The Israelites topography in the desert

In this week’s Parsha, Bamidbar, we read about the way the Israelites camped in the desert. There is great length taken to separate each tribe. I recall in Israel, someone who unfortunately wasn’t fully compus mentus trying to memorise where they camped. He was in a large room, and positioned himself in the correct place for each of the tribes, running from one side of the room to the other. In frustration as to how complicated he found it, he said, “why do they need to camp each tribe separately, why can’t they all join together like one happy family and save me the trouble of memorising this all!” That got me thinking. Why DID they have to camp separately? Why couldn’t they all camp together?

stock-illustration-54480392-happy-cartoon-chess-rookThe answer, I believe, is as follows. On a chess board, each piece has a different starting place. Each piece moves differently. Each piece has a different value. If one could place any piece anywhere on the board to start the game, it would be no good as a game. If any piece could move as and where you want, there would be no strategy to the game. If all pieces had the same value, a game-plan would not be possible. The whole game is based around the fact that there are different parts to each side. These parts need to work together, each in their own specified way, in order to create the great game of the mind that chess is.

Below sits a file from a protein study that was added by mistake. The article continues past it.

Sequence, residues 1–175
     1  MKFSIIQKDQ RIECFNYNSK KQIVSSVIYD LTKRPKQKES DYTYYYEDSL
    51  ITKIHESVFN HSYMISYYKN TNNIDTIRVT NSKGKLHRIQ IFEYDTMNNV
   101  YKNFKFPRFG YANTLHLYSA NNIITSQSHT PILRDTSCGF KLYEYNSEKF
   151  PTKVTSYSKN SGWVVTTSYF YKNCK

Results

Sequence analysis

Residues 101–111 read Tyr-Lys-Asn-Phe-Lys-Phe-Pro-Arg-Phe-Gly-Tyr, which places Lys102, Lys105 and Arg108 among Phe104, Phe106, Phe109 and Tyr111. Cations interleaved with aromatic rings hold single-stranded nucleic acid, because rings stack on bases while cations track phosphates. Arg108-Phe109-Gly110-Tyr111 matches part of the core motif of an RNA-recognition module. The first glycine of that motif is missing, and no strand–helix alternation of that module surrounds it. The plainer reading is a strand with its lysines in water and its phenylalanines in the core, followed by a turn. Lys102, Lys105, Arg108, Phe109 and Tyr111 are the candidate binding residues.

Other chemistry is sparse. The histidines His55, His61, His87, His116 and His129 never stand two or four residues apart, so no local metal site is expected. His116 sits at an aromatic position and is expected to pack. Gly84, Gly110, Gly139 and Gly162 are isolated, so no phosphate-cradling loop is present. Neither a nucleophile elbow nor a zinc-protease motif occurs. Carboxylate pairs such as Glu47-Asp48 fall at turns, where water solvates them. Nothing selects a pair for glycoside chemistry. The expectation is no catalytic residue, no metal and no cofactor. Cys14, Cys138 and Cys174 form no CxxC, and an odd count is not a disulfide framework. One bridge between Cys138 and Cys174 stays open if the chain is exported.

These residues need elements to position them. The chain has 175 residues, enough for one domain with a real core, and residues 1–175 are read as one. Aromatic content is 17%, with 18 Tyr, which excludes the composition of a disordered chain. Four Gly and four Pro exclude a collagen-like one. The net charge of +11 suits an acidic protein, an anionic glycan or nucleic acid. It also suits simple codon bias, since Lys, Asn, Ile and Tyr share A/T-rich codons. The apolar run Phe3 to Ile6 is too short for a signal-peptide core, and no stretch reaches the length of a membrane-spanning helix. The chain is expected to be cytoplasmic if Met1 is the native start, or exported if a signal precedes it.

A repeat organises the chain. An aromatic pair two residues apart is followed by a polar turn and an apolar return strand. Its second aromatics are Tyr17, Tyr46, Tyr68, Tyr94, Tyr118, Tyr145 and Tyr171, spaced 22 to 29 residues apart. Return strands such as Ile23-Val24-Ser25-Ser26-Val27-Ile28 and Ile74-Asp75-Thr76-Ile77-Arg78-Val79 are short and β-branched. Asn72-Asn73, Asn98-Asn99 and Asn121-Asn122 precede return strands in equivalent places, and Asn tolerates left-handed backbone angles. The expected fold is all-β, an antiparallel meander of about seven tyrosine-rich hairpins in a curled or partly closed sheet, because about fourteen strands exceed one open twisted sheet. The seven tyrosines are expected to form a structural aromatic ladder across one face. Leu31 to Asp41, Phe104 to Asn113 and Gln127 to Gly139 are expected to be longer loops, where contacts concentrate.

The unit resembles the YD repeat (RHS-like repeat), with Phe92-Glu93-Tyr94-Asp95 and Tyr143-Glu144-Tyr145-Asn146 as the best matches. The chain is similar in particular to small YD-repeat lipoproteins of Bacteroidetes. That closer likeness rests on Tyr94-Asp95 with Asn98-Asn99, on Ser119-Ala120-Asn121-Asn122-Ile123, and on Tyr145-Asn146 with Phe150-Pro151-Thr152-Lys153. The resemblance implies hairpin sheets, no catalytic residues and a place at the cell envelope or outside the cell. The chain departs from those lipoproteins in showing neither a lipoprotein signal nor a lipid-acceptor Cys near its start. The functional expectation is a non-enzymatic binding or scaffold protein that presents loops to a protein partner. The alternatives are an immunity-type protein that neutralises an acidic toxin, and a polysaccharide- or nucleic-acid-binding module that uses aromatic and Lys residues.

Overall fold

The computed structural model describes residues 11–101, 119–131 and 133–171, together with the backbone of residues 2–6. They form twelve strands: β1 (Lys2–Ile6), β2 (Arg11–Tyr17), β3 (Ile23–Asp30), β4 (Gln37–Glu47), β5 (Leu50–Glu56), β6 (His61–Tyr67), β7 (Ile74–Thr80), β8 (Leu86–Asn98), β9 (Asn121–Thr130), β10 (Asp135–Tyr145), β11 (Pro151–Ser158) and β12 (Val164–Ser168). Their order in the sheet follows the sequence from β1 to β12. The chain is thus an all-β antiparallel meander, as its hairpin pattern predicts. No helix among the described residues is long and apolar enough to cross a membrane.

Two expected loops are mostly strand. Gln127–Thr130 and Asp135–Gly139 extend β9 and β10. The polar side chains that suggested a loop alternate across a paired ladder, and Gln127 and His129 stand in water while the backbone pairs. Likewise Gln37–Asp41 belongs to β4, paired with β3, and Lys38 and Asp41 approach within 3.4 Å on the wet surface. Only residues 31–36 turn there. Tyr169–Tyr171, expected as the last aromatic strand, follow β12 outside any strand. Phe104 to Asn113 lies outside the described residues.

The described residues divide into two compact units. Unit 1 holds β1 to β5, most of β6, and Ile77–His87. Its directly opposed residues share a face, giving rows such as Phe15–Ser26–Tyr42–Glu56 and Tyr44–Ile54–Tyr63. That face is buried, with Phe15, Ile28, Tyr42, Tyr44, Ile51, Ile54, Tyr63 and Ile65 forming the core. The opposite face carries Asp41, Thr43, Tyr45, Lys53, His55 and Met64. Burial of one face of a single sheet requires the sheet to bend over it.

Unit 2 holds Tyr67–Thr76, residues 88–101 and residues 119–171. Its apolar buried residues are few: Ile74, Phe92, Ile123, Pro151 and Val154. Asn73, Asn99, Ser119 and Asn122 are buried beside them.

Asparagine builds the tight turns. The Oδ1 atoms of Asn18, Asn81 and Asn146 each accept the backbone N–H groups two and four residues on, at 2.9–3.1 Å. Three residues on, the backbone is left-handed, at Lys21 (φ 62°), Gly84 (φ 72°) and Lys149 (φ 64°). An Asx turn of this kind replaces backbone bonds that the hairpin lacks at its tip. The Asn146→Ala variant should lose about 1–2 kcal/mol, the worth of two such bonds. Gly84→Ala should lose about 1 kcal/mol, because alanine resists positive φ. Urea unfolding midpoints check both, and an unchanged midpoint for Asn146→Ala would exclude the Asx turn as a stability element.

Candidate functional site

Similarly, we are taught through the encampment of the Israelites in the desert, each and every Jew, each and every person, is on this world for a different reason. In Judaism, unity is embraced, not uniformity. We are not all expected to be clones. In fact, we are all expected to be different, yet at the same time working for one cause. If there’s a lesson to be taken from the complicated encampment of the Israelites in the desert, this is it. Know that you are unique as a human being. Know that you are in this world for a purpose. Know that you, and you alone can fulfil that purpose.

It is no coincidence that Bamidbar is always the Shabbat before Shavuot (in the diaspora). We are taught that the Israelites received the Torah due to the unity they displayed at Sinai. The Torah describes their coming to Sinai as ‘He camped there’, in the plural. The Talmud explains that every single Israelite, men women and children, all camped there dnawith the same end-goal, to receive the Torah. As such, they attained a unity that had never been attained before. They are described as one person, with one heart and body. In the body, there are many different parts. Each part functions in a very different way. The body cannot function correctly without all these parts. Each part is made from DNA strings, and the same raw material, yet they turn out so very different, each performing a very different part in the united product of a human being. We are the DNA. We may look, sound and seem identical, yet we are not. We need to work together, with all other Jews and people in this world, to create the united product, which we can only attain by each of us attaining our personal purpose within the greater goal of spreading light around the world.

Wishing you a Shabbat Shalom and Chag Same’ach!

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